Ravi Mirchandani, Editor in Chief at Picador, said: “My Picador colleagues and I are delighted to be publishing Emma Donoghue’s new novel, a story as strikingly and excitingly different from The Pull of the Stars, as that novel was from its predecessors. Haven takes the reader into the distant past and to the edges of the then known world, yet its deeply human concerns are as relevant to ours today as anything Emma has ever written. I very much look forward to being able to discuss this moving and thought-provoking novel with many more readers as we approach publication.”

Emmet Kirwan
Emmet Kirwan

HarperCollins Ireland is to publish playwright Emmet Kirwan’s as yet untitled debut novel in 2023.

Kirwan said: ‘My love of fiction has always informed how I see the world, and it has had an enormous impact on my playwriting and screenwriting work. There is a project that has been close to my heart for a number of years now, but I have never been able to pursue it. I’m looking forward to sharing it with you all soon.”

Conor Nagle, publisher, HarperCollins Ireland, who pre-empted world all language rights from agent Lucy Luck. said: “Emmet is one of the most exciting literary and creative talents at work in Ireland today, and I can think of no better way of inaugurating our fiction list than by announcing the acquisition of his debut novel. As varied as his career has been to date, Emmet’s work has always demonstrated the most remarkable ear for dialogue, in all its variety and nuance, as well as an almost boundless creative ambition.”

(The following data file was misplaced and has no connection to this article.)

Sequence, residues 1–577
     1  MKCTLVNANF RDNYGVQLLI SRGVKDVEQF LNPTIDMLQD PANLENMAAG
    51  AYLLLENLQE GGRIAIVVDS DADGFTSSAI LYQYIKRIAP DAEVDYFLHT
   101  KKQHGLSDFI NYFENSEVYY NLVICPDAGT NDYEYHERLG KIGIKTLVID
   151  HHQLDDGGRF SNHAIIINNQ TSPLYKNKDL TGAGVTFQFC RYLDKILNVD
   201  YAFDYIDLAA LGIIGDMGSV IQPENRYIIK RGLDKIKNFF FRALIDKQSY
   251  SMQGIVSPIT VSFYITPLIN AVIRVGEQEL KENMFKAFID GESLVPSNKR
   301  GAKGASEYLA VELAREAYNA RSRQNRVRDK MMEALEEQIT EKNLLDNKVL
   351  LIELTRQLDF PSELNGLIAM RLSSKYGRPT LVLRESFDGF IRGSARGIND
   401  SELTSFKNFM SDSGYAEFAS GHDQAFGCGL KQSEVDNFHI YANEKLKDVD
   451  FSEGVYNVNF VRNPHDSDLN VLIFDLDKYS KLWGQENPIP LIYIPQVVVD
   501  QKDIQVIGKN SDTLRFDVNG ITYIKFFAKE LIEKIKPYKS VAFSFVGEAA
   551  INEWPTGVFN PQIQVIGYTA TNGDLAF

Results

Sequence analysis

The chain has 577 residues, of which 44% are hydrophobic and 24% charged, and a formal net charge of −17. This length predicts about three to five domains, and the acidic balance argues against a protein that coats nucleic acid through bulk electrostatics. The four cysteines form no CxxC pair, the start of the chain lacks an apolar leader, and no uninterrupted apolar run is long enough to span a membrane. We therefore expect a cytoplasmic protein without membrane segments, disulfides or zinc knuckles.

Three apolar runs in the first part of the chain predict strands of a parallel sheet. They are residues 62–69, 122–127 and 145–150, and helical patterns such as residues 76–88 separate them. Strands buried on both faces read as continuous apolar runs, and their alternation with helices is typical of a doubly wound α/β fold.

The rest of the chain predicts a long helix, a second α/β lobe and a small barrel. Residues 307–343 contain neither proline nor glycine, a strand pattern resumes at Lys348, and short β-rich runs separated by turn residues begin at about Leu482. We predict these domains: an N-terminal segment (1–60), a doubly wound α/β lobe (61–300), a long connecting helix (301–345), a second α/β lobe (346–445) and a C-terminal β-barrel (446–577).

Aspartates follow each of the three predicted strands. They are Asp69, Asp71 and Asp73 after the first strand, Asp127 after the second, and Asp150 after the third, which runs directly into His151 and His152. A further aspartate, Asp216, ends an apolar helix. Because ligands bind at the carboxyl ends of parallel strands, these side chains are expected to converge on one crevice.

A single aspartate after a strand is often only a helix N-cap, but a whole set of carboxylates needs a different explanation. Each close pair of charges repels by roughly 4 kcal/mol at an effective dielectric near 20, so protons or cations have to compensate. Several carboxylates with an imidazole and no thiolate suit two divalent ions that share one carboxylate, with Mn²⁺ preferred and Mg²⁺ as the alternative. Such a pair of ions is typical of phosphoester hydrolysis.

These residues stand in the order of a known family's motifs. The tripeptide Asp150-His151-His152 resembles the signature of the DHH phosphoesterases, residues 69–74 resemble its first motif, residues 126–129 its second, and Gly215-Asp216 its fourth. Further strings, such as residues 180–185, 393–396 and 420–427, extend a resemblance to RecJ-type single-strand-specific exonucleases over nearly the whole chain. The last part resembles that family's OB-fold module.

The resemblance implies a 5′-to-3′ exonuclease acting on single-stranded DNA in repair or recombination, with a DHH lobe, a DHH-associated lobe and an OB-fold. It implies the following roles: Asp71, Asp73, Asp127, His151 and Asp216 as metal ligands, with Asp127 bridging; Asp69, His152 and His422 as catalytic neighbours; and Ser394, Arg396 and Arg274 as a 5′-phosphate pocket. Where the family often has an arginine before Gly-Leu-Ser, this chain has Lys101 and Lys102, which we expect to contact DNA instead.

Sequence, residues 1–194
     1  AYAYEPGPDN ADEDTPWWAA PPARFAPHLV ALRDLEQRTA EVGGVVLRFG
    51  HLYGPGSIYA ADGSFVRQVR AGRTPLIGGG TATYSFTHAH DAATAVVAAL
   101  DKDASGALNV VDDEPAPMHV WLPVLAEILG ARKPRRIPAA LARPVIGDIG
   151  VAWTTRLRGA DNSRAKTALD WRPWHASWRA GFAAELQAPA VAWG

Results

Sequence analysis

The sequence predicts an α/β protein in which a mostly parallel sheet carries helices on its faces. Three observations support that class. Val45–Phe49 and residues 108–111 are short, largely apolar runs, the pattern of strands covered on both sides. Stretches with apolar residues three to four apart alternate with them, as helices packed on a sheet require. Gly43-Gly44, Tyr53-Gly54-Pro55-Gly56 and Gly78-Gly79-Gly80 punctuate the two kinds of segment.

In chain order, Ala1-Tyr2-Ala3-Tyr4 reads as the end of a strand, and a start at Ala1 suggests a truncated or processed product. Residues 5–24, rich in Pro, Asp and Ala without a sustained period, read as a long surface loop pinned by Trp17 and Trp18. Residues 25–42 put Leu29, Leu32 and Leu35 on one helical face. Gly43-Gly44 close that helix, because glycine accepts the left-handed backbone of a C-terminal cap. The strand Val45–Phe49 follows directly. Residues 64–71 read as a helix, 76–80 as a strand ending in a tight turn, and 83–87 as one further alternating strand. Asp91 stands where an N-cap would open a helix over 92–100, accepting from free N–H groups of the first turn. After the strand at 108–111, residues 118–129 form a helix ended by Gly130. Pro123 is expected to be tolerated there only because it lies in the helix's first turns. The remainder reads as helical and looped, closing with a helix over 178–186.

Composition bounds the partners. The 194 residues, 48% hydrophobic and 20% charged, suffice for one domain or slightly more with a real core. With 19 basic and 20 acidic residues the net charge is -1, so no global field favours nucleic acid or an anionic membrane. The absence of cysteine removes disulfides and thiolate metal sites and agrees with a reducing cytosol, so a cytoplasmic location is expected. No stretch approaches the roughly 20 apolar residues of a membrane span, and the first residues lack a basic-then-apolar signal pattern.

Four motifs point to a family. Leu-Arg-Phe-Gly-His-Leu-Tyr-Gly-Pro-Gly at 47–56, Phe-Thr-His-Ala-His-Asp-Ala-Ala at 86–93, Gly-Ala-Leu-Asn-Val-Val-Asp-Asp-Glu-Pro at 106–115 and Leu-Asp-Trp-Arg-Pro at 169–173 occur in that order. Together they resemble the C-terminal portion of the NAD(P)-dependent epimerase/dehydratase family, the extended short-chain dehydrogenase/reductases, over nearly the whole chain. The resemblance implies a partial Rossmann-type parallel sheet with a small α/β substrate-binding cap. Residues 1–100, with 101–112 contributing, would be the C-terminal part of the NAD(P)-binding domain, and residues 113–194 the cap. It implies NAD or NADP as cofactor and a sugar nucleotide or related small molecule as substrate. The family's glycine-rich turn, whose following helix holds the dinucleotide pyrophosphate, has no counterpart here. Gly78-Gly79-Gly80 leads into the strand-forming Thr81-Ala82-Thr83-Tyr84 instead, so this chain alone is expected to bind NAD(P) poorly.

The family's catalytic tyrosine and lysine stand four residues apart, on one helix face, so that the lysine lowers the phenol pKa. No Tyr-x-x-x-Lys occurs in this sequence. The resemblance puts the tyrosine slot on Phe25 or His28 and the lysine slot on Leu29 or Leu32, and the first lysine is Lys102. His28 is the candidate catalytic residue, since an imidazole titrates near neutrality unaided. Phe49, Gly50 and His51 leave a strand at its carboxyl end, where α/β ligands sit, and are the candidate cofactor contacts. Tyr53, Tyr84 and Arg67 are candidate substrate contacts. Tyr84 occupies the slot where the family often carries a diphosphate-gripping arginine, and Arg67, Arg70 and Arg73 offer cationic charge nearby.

Kirwan is an award-winning actor and playwright from Tallaght, Dublin. His play Dublin Oldschool won the Stewart Parker award for playwriting and he adapted the screenplay for the film version in 2018. He also wrote and starred in the RTÉ 2 comedy series Sarah and Steve

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Berlin-based journalist Trish Lorenz has won the 2021/2022 Nine Dots Prize, receiving $100,000 and a book deal with Cambridge University Press for her “compelling and well-evidenced” response to the question: What does it mean to be young in an ageing world?

Lorenz’s winning essay argued that no question of what it means to be young in the 21st century should overlook the significant youth populations of sub-Saharan African countries including Nigeria, Ghana, Kenya, Rwanda and Ethiopia. Focusing on Nigeria – one of the youngest countries in the world, where more than 42 per cent of the population is under 14 years old –as a case study, she proposes to conduct in-depth interviews and discussions with the youth population.

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The Irish Writers in London Summer School’s 25th anniversary was celebrated this week at the Irish Embassy. You can enjoy it here.